Solas : All These Years
For the past 20 years, Solas (pronounced Suh-less) have held the torch of Irish-American roots music high, traveling the world as the premiere band of their generation. They’ve inspired countless artists, redefined how we think of Irish music, and created a sound that’s remarkably cohesive across eleven albums and a legacy of some of the best Irish vocalists.
Now in 2016, Solas is bringing together everyone who’s been in the band over these 20 years for an all-star, one-time lineup on this new album, All These Years. That includes the current lineup of Solas: multi-instrumentalist prodigy and founding member Seamus Egan, founding member and wildly innovative fiddler Winifred Horan, master accordionist Mick McAuley, commanding guitarist Eamon McElholm, and Solas’ beautiful new voice, Moira Smiley, a powerful vocalist known also for her work with the indie band tUnE-yArDs. The new album sees the return of Solas’ renowned previous singers: Karen Casey, Deirdre Scanlan, Mairead Phelan, Niamh Varian Barry, and Noriana Kennedy; as well as early band members like accordionist John Williams, and guitarists John Doyle and Donal Clancy. “We thought it was a way for us to celebrate the past with all of the people who had been important to us over the years,” explains Seamus Egan. “But we didn’t want use this as an exercise in nostalgia, because we weren’t interested in that at all. Even though we’ve been at it 20 years, I think creatively we’re still as excited about the possibilities as we were back then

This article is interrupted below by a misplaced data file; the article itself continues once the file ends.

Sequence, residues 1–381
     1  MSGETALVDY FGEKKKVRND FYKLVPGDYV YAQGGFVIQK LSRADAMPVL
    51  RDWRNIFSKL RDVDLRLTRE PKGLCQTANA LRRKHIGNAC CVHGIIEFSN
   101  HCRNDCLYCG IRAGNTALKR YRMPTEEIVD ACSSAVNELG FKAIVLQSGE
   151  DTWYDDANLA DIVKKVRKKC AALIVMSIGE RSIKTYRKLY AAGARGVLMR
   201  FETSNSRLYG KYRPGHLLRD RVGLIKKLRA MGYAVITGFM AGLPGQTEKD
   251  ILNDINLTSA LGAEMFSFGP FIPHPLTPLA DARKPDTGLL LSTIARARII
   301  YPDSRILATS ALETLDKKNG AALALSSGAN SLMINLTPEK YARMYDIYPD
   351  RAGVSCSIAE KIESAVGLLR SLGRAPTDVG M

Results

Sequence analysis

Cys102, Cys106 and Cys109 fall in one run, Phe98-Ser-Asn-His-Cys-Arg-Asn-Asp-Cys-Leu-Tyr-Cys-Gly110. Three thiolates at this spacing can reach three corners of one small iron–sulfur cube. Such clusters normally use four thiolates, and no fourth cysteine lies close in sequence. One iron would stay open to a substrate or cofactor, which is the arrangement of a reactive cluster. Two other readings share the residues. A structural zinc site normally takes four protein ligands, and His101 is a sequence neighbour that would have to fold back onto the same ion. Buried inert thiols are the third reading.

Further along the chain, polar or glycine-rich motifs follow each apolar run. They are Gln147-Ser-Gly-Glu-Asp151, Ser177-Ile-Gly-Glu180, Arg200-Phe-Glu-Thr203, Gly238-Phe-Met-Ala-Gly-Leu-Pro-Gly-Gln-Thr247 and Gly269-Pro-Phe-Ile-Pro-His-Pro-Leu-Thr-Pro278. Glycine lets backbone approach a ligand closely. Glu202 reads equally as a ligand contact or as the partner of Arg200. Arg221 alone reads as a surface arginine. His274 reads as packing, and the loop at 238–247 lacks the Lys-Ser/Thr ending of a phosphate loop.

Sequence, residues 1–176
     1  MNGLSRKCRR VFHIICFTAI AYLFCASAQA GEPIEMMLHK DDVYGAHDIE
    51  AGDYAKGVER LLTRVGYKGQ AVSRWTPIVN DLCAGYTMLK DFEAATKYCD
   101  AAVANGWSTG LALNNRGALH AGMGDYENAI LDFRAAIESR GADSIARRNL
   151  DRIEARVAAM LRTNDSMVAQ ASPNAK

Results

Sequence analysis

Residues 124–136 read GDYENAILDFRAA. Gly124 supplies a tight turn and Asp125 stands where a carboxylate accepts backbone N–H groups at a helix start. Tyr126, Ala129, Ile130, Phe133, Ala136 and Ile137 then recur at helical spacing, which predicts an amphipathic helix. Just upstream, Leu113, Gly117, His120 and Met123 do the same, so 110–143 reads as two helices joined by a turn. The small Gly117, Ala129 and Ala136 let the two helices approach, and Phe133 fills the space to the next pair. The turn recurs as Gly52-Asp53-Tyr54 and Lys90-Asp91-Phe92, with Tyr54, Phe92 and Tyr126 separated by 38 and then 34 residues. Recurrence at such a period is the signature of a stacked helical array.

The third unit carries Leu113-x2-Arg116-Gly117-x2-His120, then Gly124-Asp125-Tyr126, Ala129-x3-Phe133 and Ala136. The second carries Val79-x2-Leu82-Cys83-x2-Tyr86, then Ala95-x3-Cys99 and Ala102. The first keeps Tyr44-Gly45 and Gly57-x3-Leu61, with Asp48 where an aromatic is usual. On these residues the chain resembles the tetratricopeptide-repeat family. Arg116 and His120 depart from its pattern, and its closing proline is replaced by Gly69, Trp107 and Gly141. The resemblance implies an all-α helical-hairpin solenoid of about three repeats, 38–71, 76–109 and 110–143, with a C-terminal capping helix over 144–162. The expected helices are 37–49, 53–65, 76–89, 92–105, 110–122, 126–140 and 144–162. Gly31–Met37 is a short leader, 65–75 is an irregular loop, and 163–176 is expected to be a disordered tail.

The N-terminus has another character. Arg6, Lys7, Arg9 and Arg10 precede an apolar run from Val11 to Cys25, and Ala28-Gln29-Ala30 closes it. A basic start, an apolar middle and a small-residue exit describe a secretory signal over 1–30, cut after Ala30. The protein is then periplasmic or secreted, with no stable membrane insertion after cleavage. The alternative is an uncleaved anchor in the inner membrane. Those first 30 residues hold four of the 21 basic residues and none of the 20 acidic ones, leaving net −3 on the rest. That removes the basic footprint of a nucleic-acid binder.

On All These Years, you’ll also hear Solas’ wide-reaching influences, from the roiling global cross-rhythms they bring to tunes like “Lucy Locket’s/The Quiet Pint/The Sleepy Sailors”, to the beautiful Celtic reworkings of the 70s classic “Darkness Darkness” from The Youngbloods and Patty Griffin’s “You Are Not Alone” (sung here by Karen Casey). While they push far afield, they refuse to turn their backs on the Irish traditions they love so well, as in their masterful versions of classics like “Willie Moore,” the nationalist ballad “Padraig Og Mo Chroi,” and the great “Wandering Aengus.” Balancing tradition and innovation as deftly as this has always been a key part of Solas’ musical formula.
The aptly titled All These Years gathers the greatest voices of a generation of Irish music to show that the vision of Solas has always been the same: to take the traditional music they love to towering new heights.